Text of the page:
Market forces result in the termination of a once lucrative service:
Dr Paul Hyland had been [Tasmania’s] primary surgical abortion provider for 17 years, but said rising costs and a drop in demand had meant he had closed the service.
He said the number of surgical abortions, a procedure done after nine weeks, had declined.
“Back in 2000 there were 25 to 30 surgical terminations a week and that’s slowly dropped due to the combined effects of contraception and managing it earlier,” he said.
The decline in demand for abortions is understandable given that responsible females can access birth control that is effective, readily available and inexpensive.
Clementine Ford perversely argues that taxpayers must take responsibility for irresponsible women who become pregnant:
Terminating a pregnancy isn’t a uniquely complicated procedure. It isn’t like brain surgery, where you could reasonably expect your options for expertise to be limited and therefore be happy to travel wherever the best help is available. Abortion might have been forced to wear the heavy shroud of shame throughout its long and storied history, but the reality is that it’s a simple medical procedure that, when performed in a safe medical environment, ensures healthy outcomes for people who will always, always look for a way out.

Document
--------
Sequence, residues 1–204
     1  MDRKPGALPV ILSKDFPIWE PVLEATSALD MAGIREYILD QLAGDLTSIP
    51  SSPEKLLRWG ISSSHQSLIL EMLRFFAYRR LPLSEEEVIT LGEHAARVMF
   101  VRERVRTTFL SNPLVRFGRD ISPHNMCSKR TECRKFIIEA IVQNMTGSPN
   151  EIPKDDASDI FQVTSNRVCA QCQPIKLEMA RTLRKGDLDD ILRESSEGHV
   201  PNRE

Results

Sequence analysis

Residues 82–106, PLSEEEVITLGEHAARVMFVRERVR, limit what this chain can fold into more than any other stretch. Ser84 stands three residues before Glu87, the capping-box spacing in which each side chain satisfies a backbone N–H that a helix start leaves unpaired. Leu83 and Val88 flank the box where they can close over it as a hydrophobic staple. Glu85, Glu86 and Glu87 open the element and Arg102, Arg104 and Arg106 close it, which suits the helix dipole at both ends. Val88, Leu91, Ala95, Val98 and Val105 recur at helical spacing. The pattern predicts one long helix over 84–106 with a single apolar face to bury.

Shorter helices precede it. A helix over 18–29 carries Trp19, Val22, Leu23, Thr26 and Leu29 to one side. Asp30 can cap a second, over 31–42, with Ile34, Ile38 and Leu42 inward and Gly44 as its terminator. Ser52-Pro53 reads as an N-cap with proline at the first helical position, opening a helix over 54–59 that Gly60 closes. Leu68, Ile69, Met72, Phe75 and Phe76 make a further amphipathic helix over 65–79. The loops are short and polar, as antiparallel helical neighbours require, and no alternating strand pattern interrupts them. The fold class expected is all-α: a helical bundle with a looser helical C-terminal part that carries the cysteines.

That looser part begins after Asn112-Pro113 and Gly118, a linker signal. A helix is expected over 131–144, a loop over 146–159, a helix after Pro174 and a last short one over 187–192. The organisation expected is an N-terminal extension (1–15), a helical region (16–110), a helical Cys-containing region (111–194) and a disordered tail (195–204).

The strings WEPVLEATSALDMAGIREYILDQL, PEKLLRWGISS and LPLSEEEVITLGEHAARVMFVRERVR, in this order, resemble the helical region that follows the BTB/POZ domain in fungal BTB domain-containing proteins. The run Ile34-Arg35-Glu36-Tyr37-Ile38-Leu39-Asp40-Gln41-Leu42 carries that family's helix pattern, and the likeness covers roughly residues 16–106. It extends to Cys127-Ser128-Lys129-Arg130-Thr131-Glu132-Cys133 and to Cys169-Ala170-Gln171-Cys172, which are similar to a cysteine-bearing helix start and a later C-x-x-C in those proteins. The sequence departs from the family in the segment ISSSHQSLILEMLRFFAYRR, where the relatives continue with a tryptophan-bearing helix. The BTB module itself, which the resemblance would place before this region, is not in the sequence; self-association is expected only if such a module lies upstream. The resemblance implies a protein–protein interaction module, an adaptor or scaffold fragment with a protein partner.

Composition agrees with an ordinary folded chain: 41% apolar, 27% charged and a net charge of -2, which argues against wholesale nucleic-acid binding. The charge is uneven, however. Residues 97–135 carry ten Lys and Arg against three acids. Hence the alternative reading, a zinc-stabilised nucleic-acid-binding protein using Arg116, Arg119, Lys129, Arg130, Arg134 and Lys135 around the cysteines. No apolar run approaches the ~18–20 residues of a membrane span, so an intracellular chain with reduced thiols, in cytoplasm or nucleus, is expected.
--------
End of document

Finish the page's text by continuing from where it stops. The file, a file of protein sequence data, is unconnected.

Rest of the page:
Do you want to know what access to publicly funded, safe and legal surgical abortions means for those of us who can get pregnant? It means more of us go on to have healthy, manageable family sizes. It means our bodies are protected from the known risks of repeat pregnancies. It means we can stay in the workforce. It means more of us have a choice, and that choice means fewer of us die.
Avoiding pregnancy also isn’t like brain surgery: it’s a simple matter of abstaining from behaviours that might lead to unwanted pregnancy.